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Last Updated: 06/04/15

Credentialing Plasma and Serum Biospecimen Banks for Proteomics Analysis

Subcontractor: University of California — San Francisco (UCSF)
Principal Investigator: Katherine Williams, Ph.D.
Co-Principal Investigator: Susan Fisher, Ph.D.

Dr. Williams and her group at UCSF investigated the effects of intrinsic protease and peptidase activities and their contribution to sample integrity, variability, and the ability to produce reproducible data in proteomics. The experimental approach was aimed at evaluating the impact of preanalytical variables on the proteolysis-driven changes in plasma proteins. The investigators hypothesized that the time-course changes in the composition and relative abundance of low molecular weight (LMW) components, i.e. peptides, provide an indication of the continuing proteolytic processes and may be used to measure and define sample integrity. The PI’s also developed a quality assurance program consisting of several parts: (i) generation and use of standard operating procedures (SOPs) for all protocols used for the project, (ii) detailed procedures for data acquisition, (iii) assay acceptance criteria (i.e., a set of descriptors and numerical quality metrics related to the technical performance of the assay that need to be met to include the data into the database), (iv) data analysis, and (v) record keeping.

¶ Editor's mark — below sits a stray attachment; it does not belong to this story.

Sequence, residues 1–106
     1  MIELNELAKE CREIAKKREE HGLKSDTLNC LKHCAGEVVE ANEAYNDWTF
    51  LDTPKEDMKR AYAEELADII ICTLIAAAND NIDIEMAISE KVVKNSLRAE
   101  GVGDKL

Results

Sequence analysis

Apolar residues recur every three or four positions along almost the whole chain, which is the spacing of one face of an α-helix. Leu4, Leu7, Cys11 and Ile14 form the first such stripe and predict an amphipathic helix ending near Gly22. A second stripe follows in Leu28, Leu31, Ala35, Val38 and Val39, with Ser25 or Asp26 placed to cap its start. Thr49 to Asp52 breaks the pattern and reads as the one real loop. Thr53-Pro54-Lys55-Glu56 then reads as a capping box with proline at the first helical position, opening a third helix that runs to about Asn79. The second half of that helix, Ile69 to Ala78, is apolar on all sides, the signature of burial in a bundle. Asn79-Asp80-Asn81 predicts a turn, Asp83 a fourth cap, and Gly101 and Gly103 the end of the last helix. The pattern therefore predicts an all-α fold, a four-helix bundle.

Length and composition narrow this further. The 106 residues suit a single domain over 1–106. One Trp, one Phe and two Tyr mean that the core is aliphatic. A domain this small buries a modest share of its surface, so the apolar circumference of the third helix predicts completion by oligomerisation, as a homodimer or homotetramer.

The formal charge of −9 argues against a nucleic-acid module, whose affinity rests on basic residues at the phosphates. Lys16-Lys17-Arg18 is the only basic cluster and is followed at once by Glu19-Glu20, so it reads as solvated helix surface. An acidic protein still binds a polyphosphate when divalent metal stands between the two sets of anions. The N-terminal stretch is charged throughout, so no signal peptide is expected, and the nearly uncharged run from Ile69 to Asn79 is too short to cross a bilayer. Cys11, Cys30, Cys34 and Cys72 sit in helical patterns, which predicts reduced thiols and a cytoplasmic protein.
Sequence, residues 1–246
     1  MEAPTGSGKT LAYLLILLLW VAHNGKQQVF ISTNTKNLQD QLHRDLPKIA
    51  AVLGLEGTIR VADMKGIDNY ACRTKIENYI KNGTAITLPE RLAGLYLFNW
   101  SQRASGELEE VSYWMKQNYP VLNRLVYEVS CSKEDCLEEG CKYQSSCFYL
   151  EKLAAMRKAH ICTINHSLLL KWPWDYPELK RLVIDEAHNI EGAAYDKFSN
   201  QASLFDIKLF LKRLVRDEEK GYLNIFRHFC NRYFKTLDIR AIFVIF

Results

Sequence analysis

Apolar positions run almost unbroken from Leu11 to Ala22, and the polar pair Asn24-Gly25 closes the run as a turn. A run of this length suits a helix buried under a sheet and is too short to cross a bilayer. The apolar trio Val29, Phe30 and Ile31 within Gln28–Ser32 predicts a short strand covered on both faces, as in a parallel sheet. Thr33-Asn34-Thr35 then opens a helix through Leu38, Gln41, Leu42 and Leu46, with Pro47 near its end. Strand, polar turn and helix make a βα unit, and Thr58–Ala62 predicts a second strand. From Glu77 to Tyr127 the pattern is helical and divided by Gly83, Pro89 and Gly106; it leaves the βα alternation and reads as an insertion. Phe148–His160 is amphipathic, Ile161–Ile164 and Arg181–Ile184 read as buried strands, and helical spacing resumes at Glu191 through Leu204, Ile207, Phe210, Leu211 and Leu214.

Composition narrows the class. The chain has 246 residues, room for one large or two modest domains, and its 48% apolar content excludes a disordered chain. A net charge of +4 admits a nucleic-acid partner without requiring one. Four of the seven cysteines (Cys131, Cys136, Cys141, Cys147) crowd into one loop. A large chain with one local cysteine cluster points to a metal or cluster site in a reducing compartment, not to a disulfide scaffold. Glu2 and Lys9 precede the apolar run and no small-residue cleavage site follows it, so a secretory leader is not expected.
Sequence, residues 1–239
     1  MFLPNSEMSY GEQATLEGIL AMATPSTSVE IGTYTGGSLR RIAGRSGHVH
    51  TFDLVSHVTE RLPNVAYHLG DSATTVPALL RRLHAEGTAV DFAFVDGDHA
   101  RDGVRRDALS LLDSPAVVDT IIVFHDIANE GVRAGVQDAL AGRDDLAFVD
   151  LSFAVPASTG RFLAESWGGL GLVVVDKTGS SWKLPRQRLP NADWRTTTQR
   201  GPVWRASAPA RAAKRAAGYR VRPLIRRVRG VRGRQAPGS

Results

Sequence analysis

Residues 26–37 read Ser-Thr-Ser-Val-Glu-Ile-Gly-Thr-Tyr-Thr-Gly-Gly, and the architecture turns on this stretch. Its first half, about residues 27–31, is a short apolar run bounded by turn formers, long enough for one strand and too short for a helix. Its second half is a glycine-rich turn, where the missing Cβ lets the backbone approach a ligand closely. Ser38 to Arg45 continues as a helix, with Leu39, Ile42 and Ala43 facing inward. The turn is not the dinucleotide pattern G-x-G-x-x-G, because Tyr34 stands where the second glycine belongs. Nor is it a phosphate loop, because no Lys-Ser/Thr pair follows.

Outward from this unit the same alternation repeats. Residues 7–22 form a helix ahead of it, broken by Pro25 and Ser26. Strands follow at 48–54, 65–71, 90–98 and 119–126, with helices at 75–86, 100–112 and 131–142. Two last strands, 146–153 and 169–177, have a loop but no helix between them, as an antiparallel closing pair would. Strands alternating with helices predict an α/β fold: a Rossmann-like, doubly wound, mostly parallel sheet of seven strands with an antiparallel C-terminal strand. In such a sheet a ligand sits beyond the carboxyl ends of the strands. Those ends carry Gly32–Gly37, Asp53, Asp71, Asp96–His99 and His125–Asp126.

Dr. Williams and her team introduced a panel of proteins that could be used as quality assessment measures for predicting and verifying protein integrity in repository samples. Specifically, their team emphasized the usefulness of their study to medical research and biomarker communities to assess the integrity of plasma and serum samples to be used for proteomics experiments. They compiled a set of proteins for quantitative assessment of the integrity of plasma and serum biospecimens for proteomics research. The data provided information on the utility of banked biospecimens for proteomics research and established a set of preanalytical processing conditions that contributed to best practices protocols for prospective serum and plasma collection, processing, and storage.

Hassis et al., Evaluating the effects of preanalytical variables on the stability of the human plasma proteome, Anal. Biochem., 478(1), June 2015; 14-22